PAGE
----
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You Can Still Buy AT&T Stock on the Cheap – The Motley Fool

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I don’t know about you, but I like to invest in companies that provide a critical service to its customers. Telecom giant AT&T (T 1.13%), one-third of the wireless triopoly in the United States, does just that. Smartphones have become essential, and it would be unthinkable for many to not have internet access on the go.
The stock market doesn’t particularly like AT&T stock. Shares have been in a downtrend since right before the pandemic, and they’re down approximately one-third from their multi-year high. Some pessimism in the past has certainly been warranted: AT&T went on a spending spree acquiring media assets, but it never quite figured out how to be a media company.
Thankfully, that era at AT&T is now over. With the spin-off of WarnerMedia, which is now part of Warner Bros. Discovery, AT&T is back to basics. The company is investing in its wireless network and its fiber internet initiative, both of which should drive steady growth for years to come. The market hasn’t yet warmed up to AT&T, giving long-term investors a golden opportunity to pick up shares at a discounted price.
AT&T throws off a ton of cash. It also consumes a lot of cash – building out wireless and fiber networks are expensive endeavors. Last year, there was $14.1 billion in free cash flow left over after accounting for all AT&T’s capital investments. This year, the company expects that number to grow to at least $16 billion.
This cash flow goes mostly toward two things: Paying the dividend and reducing debt on the balance sheet. AT&T cut its dividend in the wake of its spin-off of WarnerMedia, bringing the quarterly payout down to sustainable levels. The latest dividend payment of $0.2775 per share works out to a dividend yield of about 5.6%, and it will consume roughly $8.3 billion over the next year. That leaves nearly $8 billion left over, if AT&T’s guidance bears out.
That extra $8 billion will come in handy as AT&T works to reduce its indebtedness. The company paid dearly for its media acquisitions, and some of the debt from those deals is still weighing AT&T down. Total debt stood at $136 billion at the end of 2022, and interest payments on that debt last year were roughly $6.1 billion.
While this debt is a legitimate negative for investors, AT&T’s rock-bottom valuation can’t be ignored. With a market capitalization of $143 billion, shares of AT&T trade for just 9 times free cash flow guidance. Even with the stock up about 38% from its 52-week low, AT&T is still astonishingly cheap. And free cash flow should rise further in the coming years as AT&T completes this round of investments and pulls back a bit on capital spending.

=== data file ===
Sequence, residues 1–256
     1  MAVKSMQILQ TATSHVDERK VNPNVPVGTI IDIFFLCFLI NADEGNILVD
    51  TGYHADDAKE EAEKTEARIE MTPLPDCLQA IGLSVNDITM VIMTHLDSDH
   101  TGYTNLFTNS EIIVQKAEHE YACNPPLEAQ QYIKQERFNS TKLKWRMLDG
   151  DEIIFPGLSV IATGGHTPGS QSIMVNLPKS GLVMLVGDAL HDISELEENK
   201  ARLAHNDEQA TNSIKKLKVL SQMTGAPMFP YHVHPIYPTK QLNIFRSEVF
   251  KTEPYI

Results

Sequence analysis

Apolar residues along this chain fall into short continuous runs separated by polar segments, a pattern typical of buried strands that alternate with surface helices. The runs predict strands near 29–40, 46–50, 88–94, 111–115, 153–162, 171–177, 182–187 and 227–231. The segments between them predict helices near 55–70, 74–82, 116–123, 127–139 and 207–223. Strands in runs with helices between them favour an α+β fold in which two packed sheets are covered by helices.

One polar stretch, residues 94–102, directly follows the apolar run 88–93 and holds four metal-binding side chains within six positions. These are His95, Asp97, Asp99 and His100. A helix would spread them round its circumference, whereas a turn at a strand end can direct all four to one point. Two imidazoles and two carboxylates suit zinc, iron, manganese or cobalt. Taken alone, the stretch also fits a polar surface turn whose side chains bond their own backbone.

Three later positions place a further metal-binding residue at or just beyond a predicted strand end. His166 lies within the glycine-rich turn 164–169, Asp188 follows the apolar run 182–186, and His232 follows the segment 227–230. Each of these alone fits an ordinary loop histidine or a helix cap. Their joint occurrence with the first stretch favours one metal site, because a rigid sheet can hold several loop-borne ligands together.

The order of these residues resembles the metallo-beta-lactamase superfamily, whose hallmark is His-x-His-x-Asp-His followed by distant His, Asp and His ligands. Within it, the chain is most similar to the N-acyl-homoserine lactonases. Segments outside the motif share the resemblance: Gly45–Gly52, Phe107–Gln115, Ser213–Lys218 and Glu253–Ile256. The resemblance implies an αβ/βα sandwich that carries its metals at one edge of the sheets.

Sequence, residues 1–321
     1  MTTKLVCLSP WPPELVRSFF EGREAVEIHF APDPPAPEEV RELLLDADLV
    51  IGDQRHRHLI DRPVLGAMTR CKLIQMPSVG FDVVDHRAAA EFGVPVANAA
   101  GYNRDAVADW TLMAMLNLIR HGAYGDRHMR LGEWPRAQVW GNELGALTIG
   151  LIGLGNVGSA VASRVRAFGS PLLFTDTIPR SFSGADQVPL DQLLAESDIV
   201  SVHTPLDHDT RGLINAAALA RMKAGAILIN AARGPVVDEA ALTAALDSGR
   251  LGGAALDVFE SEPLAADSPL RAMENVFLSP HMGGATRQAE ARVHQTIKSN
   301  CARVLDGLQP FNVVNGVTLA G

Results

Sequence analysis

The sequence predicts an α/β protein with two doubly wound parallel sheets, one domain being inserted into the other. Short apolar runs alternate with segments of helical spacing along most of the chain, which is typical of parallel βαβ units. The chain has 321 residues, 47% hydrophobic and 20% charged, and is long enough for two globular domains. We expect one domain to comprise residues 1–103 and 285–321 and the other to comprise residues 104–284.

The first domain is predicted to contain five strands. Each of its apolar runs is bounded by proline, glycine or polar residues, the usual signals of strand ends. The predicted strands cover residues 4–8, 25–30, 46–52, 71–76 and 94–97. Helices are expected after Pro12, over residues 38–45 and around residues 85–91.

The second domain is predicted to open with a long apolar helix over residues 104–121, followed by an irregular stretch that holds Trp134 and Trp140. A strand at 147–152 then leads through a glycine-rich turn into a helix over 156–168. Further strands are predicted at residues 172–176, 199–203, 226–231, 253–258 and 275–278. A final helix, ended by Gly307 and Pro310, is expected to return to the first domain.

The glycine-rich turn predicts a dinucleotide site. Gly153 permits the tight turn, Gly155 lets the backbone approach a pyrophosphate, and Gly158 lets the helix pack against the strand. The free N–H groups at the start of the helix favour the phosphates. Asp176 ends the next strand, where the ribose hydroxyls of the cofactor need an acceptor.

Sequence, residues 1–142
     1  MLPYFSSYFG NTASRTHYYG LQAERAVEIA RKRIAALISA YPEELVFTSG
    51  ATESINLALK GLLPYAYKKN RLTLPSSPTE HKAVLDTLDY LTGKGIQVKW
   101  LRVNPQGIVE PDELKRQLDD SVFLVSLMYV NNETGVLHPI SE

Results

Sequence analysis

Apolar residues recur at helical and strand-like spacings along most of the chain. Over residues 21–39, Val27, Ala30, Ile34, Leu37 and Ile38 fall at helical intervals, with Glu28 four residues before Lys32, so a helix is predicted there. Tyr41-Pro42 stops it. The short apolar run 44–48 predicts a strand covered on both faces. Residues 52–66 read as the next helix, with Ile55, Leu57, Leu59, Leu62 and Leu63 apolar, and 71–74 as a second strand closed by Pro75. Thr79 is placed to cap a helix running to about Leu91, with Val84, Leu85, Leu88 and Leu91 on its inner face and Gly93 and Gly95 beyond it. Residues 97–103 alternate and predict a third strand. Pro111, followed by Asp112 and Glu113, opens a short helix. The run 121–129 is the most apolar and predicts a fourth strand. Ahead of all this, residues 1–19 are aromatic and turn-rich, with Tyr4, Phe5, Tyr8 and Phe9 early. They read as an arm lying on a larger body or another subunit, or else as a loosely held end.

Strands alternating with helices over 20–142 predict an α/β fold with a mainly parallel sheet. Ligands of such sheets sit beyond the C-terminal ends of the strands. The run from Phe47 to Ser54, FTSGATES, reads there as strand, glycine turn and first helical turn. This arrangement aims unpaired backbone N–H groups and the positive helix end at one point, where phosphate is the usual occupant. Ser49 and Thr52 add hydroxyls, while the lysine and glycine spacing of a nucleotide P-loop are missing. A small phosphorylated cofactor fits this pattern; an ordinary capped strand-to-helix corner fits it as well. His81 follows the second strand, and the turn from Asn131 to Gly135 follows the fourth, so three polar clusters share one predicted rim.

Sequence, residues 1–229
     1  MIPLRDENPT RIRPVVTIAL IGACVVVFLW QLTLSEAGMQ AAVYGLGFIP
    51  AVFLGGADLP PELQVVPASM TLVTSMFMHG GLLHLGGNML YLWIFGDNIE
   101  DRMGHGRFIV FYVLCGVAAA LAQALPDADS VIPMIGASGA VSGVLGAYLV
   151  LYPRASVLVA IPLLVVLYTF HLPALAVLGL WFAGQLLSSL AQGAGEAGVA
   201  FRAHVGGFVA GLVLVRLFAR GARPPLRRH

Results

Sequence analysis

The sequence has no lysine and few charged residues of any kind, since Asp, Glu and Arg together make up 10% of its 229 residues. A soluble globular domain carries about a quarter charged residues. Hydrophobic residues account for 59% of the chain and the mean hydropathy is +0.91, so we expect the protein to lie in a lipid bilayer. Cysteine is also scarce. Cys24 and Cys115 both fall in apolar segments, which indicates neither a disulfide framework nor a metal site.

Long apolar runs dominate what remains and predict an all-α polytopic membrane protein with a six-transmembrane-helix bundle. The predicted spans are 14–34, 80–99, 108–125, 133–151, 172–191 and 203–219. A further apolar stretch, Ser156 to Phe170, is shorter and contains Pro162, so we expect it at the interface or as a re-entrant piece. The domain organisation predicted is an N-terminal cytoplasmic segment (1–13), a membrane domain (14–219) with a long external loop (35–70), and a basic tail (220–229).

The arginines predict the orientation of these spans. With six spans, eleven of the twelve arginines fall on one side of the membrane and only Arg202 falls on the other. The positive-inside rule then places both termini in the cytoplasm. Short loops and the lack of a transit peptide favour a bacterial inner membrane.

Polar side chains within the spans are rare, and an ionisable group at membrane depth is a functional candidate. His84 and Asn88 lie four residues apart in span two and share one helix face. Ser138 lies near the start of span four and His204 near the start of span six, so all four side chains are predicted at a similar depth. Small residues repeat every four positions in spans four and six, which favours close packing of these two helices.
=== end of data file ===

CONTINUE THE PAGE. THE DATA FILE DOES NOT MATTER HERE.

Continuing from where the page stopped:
AT&T’s growth story revolves around wireless and fiber. In both businesses, the company is doing well despite a difficult economic environment.
In wireless, AT&T consistently added at least 650,000 postpaid phone subscribers on a net basis in each quarter of 2022. These subscriber additions drove the company’s wireless service revenue up 5.1% for the full year, and AT&T expects at least 4% growth in 2023.
In fiber, AT&T is growing its subscriber base quickly enough to more than offset the ongoing decline in the legacy portion of the wireline business. Fiber revenue has now surpassed non-fiber revenue, and the number of fiber connections has surpassed the number of non-fiber connections. Fiber commands higher monthly fees than non-fiber services, and the company still has plenty of room to expand its network and win over additional customers already passed by the fiber network.
While AT&T will certainly hit bumps in the road, particularly with a global recession a real possibility this year or next, the company is in a great position to steadily grow both its wireless and fiber businesses over time. For investors looking for a solid value stock with a nice dividend to boot, AT&T is a great option.
Timothy Green has positions in AT&T and Warner Bros. Discovery. The Motley Fool has positions in and recommends Warner Bros. Discovery. The Motley Fool has a disclosure policy.
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